Share

Policy: Entitlements

South Dakota governor seeks Medicaid expansion waiver

By |
Associated Press,Medicare and Medicaid,Entitlements,South Dakota

PIERRE, S.D. — South Dakota Gov. Dennis Daugaard said Friday he will once again ask federal officials to let South Dakota expand its Medicaid program in a way that would provide medical services only to those most in need.

The Republican governor made a similar request last year, but U.S. Health and Human Services Secretary Kathleen Sebelius turned it down. Daugaard said federal officials now may be more willing to let the state expand Medicaid to cover a smaller group of people than envisioned in the federal health overhaul law.

"I want to keep that conversation going," Daugaard said.

The federal health overhaul gives states the option of expanding Medicaid to cover people earning up to 138 percent of the federal poverty level. Daugaard wants to expand eligibility only up to 100 percent of the poverty level because those above that mark can buy subsidized private insurance through the new health care law.

Daugaard sent a letter Friday asking Sebelius if she would consider such a partial expansion of Medicaid. If she approves, the state budget passed by the Legislature in March could make provisions for expanding Medicaid, subject to federal approval of a detailed agreement.

The governor's letter says South Dakota is interested in providing Medicaid coverage to people earning less than 100 percent of the poverty level who are working or have lost jobs in the past 12 months. He said the proposal was developed after meetings with Republican legislative leaders.

Daugaard said South Dakotans believe in self-reliance, hard work and perseverance, so those earning above 100 percent of the poverty level should buy subsidized insurance through the federally operated online exchange.

"We want to help those who can't help themselves. Those who can help themselves should," he said.

South Dakota's Medicaid program now covers about 116,000 children, adults and disabled people. The full expanded eligibility would add an estimated 48,000 people, mostly adults without children.

People earning up to 138 percent of the poverty level — about $16,000 for a single person or $33,000 for a family of four — would be covered by a full expansion. The federal government would fully cover those added to Medicaid rolls through 2016, and the state's contribution would rise in stages to 10 percent of the costs by 2020.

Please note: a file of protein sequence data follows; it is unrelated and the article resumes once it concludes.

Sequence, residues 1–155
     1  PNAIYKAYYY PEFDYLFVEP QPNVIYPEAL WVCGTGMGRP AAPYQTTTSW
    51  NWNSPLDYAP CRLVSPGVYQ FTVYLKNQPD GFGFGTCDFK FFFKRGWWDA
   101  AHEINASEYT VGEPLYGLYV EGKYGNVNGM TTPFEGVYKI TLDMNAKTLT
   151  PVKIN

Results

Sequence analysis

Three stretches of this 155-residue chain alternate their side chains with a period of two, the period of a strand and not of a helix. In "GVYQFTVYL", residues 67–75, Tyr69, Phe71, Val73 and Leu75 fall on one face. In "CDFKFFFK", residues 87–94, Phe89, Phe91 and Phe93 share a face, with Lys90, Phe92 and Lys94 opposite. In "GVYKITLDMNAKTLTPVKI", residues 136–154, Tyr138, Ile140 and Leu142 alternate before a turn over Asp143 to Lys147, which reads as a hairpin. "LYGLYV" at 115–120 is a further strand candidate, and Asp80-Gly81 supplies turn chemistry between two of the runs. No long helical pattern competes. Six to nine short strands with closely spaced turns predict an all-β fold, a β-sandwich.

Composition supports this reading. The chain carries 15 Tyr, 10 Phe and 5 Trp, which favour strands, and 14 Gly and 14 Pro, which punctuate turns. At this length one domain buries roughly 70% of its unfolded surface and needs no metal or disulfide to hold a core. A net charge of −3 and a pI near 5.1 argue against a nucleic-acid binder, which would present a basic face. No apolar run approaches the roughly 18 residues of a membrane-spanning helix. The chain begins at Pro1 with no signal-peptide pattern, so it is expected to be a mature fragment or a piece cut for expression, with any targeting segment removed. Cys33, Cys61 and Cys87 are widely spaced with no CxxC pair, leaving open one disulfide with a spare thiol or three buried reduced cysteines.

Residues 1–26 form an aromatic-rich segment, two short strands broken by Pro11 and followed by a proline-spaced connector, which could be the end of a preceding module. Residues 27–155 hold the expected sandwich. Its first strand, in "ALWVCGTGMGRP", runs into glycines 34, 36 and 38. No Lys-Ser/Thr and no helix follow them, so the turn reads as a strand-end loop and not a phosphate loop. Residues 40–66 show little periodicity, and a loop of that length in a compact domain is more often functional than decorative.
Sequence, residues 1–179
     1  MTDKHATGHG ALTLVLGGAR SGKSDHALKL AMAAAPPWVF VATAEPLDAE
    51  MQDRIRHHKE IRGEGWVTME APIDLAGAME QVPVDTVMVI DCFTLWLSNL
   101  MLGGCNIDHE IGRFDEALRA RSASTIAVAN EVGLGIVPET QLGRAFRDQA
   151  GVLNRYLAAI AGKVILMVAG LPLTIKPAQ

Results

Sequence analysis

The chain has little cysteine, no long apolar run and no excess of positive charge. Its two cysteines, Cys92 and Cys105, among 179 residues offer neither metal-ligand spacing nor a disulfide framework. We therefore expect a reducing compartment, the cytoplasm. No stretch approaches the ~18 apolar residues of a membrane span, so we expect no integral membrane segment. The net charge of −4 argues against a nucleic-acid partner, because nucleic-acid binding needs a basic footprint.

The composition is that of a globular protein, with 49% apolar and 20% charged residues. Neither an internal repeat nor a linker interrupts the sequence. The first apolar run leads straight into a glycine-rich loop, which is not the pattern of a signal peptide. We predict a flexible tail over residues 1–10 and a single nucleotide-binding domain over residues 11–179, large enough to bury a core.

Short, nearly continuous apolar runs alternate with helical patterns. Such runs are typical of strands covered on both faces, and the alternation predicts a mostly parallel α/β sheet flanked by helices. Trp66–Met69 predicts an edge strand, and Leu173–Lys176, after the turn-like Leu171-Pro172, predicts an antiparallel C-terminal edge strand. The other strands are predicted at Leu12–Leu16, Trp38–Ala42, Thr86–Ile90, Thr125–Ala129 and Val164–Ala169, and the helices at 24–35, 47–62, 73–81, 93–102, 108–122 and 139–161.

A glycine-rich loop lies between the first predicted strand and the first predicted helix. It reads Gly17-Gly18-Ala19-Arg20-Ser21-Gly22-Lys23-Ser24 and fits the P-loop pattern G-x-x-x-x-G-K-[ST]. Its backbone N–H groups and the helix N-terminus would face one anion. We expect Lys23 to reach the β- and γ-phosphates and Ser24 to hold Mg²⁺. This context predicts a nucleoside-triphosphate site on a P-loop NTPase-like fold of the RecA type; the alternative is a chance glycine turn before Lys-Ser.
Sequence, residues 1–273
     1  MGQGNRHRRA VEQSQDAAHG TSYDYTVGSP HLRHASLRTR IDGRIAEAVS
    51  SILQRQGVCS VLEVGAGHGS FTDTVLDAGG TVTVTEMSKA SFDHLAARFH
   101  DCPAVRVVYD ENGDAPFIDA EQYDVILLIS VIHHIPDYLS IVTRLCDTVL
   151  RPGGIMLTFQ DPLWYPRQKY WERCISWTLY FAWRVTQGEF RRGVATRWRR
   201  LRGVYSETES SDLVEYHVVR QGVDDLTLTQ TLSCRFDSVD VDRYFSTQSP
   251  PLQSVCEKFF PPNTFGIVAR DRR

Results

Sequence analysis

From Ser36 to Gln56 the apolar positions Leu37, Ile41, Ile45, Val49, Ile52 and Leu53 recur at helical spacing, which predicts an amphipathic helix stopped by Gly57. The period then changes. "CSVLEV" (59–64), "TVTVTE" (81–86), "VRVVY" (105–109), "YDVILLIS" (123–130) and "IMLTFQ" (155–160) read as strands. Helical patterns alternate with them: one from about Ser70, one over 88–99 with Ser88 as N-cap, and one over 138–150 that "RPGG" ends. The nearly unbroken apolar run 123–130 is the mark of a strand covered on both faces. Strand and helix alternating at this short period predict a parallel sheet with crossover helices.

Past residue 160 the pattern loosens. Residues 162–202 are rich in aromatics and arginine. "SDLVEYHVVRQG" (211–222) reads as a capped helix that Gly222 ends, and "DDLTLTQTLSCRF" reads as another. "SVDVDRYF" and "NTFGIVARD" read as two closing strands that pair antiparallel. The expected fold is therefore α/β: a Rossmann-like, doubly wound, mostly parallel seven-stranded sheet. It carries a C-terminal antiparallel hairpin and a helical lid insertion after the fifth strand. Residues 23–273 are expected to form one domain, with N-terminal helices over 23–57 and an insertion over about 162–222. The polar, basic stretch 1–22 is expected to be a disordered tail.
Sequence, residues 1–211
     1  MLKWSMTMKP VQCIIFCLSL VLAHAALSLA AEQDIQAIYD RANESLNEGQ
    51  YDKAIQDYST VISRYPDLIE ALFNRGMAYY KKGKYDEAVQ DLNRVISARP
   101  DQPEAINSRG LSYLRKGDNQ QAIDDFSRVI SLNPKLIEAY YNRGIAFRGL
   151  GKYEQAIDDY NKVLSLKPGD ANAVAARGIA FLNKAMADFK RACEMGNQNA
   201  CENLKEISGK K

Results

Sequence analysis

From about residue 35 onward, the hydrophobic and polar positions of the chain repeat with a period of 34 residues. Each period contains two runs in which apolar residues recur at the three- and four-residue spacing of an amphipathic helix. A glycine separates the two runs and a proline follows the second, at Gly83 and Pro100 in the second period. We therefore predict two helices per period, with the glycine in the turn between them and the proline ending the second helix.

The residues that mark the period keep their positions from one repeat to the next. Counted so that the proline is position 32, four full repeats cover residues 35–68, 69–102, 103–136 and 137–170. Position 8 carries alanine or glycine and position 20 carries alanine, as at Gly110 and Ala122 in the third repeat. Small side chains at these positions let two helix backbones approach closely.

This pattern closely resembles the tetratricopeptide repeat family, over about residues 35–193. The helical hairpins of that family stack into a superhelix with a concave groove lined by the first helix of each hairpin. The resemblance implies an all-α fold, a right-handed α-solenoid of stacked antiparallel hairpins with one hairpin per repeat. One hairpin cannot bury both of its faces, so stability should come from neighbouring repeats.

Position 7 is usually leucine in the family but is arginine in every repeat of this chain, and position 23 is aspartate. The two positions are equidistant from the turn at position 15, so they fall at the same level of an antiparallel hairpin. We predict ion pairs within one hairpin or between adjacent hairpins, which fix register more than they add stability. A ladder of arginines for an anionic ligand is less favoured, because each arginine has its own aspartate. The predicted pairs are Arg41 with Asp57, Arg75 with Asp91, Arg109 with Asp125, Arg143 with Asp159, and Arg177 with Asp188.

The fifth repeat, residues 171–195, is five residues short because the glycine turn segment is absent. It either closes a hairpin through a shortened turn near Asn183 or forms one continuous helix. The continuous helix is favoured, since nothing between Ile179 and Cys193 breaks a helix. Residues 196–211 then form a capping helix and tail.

An expansion to 100 percent of the poverty level would cover a single person earning up to about $11,700 and a family of four earning $23,850.

Senate Majority Leader Tim Rave, R-Baltic, said he wants to provide Medicaid coverage to people most in need. One example would be a single parent with kids who works but cannot afford to buy insurance, he said.

"It's the right thing to do to try and help the most needy in South Dakota," Rave said. "We're looking for something that is a common sense, conservative approach to helping those South Dakotans who are working hard but just having a hard time making ends meet."

House Minority Leader Bernie Hunhoff, D-Yankton, said Democrats would prefer to expand Medicaid to cover everyone up to 138 percent of the poverty level but said the governor's proposal would be a good start.

"Half a loaf is better than nothing," Hunhoff said.

Hunhoff said he hopes the governor's proposal does not impose a work requirement on those who get Medicaid under an expansion. Many low-income people cannot find jobs because of disabilities or other problems, he said.

Daugaard said he still worries that the federal government will be unable to fulfill its promise to pay most of the cost of expanding Medicaid.

"I'm concerned about the ability of the federal government to control itself and its spending," he said.

View article comments Leave a comment